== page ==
It’s impossible for the second Robocop to come close to the first film, but you’d think that it would turn out better than this. Directed by Irvin Kershner, who directed The Empire Strikes Back, and co-written by Frank Miller, I don’t understand how such a mediocre film was created.
Following the events of the first film, Robocop (Peter Weller) continues to patrol the streets while much of the police force is on strike. OCP, the company that owns the police department, has been cutting salaries. They’re trying to create a city that nobody will live in, so they can take over and build their vision of the future. As long as Robocop is around, they’re never going to get their way. They decide that a more aggressive Robocop is needed, and when a drug dealing cult leader winds up in hospital, a shady businesswoman uses his criminal brain inside of a new, more powerful, Robocop.
It’s not that this film is terrible, it’s enjoyable enough. It’s just that it fails in some of the most important areas. The villains are boring, with only Hob (Gabriel Damon) being memorable. Not because of anything he does though, but because he’s just a kid in the movie. Listening to some of the foul language he spouts is enough to make him interesting in the film, but I couldn’t even remember he was in it until I saw him onscreen. Even more disappointing is that the main villain, Cain (Tom Noonan), is just too lame to even care about. Compared to Clarence in the first film, Cain seems like a Sunday school teacher. Eventually, Cain winds up being Robocop 2, because a more creative name couldn’t be found. How they managed to create such a cool looking hero with Robocop, but can’t come up with an awesome looking evil robot is beyond me.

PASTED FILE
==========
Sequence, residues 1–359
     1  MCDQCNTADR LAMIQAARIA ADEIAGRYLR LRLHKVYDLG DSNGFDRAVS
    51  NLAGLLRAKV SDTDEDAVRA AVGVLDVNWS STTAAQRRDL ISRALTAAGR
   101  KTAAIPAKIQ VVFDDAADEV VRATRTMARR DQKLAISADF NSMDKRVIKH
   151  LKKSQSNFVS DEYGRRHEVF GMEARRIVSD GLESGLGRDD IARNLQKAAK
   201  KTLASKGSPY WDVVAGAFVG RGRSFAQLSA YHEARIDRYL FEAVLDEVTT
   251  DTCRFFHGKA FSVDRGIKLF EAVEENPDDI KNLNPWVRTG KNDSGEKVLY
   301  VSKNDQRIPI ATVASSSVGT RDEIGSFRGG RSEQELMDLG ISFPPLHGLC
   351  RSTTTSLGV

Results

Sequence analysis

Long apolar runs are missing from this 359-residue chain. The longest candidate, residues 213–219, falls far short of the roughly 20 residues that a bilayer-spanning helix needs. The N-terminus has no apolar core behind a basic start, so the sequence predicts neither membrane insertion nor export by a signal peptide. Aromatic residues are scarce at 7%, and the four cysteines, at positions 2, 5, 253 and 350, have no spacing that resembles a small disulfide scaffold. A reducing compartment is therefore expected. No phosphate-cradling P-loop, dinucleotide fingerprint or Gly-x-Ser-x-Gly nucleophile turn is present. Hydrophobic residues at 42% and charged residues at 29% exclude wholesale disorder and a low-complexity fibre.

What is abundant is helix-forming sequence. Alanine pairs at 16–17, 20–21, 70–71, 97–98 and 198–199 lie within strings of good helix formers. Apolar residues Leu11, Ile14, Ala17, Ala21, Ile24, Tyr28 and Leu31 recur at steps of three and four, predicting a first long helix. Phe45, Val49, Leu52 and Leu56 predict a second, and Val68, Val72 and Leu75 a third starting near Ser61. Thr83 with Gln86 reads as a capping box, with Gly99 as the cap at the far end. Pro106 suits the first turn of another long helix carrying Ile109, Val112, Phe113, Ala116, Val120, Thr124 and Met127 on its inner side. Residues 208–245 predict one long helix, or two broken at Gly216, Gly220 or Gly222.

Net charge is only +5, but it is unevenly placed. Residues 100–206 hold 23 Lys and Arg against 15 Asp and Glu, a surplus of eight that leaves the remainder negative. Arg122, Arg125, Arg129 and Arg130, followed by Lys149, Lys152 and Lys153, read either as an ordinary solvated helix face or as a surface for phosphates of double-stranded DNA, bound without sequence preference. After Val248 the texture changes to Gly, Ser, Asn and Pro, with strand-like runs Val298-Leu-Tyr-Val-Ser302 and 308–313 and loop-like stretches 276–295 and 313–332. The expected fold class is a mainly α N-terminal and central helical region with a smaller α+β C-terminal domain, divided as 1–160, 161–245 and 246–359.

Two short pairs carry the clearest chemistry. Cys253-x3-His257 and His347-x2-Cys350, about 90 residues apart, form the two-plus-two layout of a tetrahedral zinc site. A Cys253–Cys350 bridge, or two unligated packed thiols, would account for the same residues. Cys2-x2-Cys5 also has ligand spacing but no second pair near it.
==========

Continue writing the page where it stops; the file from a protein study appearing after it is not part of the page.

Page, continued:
The film frequently tries to go for laughs, which are never that funny. At one point, they fill Robocop with so many useless directives that he’s barely able to form a sentence. He wants to talk to kids about nutrition, and respect, which will manage to crack a smile on your face, but it’s not exactly what you want from Robocop. The violence from the first film is also toned down. Lots of people still get shot, but not in the same bloody way that was witnessed the first time around. This film seems more concerned with explosions and less with bloody gun battles. I had to wonder if Michael Bay had something to do with the film after a bit.
Maybe it’s the fact that this comes after Robocop that hurts it so much. Nothing can quite match the heights that the first film set, so the second one seems worse in comparison. On it’s own, it’s not a terrible movie. There are some great scenes, such as Robocop being chopped up, and there’s still some great one liners. There’s even some great action sequences, and the final battle ends on a squishy note. It’s just not Robocop, and that’s the biggest problem. While I can remember so much about the first film, there was almost nothing I could remember about this one. I knew it wasn’t as good, but I didn’t realize how bored I would wind up being. Looking at the talent that helped create this film, it’s mediocrity is a letdown.
Under the marquee – Will